Day 2 – Herding the Data Cats
I felt distinctly like I was herding cats today trying to not only extract data, but also meaning from World Health Organisation (WHO) data sets. Just as I thought I was heading in a direction, something took off at a tangent. But with some chipping away, and timely help, I think I made some progress. The overall plan is to pick at the global WHO data to discuss themes around Income, Mortality, maybe just this once, Why it’s Great to be a Girl!
So, today I was pretty comfortable that I could find some readily sourced data from WHO. However, trying to understand the meaning of some of the data was a whole other story. One data set talked about lost years of life. Quite an interesting statistic from a lost development and productively perspective for a region. However, it means you need to know how long someone would have lived, had they not died. Which I got to thinking is surely hard to be anything other than a big guesstimate, as no one has lived past their death to be able to test the data. I’ll stop there. And that was where I went back to back to clean cut mortality data. Because death is something you can depend on. Mostly.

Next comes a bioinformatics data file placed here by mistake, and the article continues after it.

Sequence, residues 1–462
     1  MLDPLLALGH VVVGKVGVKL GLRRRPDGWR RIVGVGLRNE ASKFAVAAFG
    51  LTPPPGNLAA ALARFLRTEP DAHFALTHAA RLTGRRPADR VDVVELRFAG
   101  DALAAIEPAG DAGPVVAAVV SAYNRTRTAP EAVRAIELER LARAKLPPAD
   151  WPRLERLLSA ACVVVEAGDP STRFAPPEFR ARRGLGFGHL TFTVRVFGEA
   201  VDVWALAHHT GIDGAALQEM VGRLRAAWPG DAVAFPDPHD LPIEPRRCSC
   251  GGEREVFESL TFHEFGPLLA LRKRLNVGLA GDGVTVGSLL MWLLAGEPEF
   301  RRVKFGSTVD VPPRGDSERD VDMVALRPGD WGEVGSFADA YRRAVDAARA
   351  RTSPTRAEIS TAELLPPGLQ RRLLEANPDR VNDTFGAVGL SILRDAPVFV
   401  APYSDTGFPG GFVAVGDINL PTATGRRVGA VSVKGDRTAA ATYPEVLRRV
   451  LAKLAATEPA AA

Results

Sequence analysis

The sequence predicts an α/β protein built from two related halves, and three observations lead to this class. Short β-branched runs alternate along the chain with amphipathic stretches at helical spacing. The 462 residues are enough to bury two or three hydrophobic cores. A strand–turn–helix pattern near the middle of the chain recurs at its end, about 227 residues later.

Well, sort of. Reporting of deaths, and classifying it seems lot less clear. And that is where the cats got back out of control. I found that total deaths was a much smaller number than the sum of deaths from the various causes? So, although I accept there can be multiple causes for a death, it certainly made my life this afternoon much more complicated.
Despite the brain aches, I am certainly enjoying all the information and new software and lovely people. And so I am heading into day three= with some data, and graphs, and notes to try to convince Shane and Mel that I’ve met all the accountability criteria we set out on Day one and am ready to get going on some story telling on Day three.
Ambitious?? Never. Wish me luck!
About Esther Richardson
Esther is doing a short 8 day internship (over 4 weeks) to decide if she wants to change careers from studying exotic diseases (Epidemiology) to becoming a Data Story teller.
These are her guests blogs on her experience.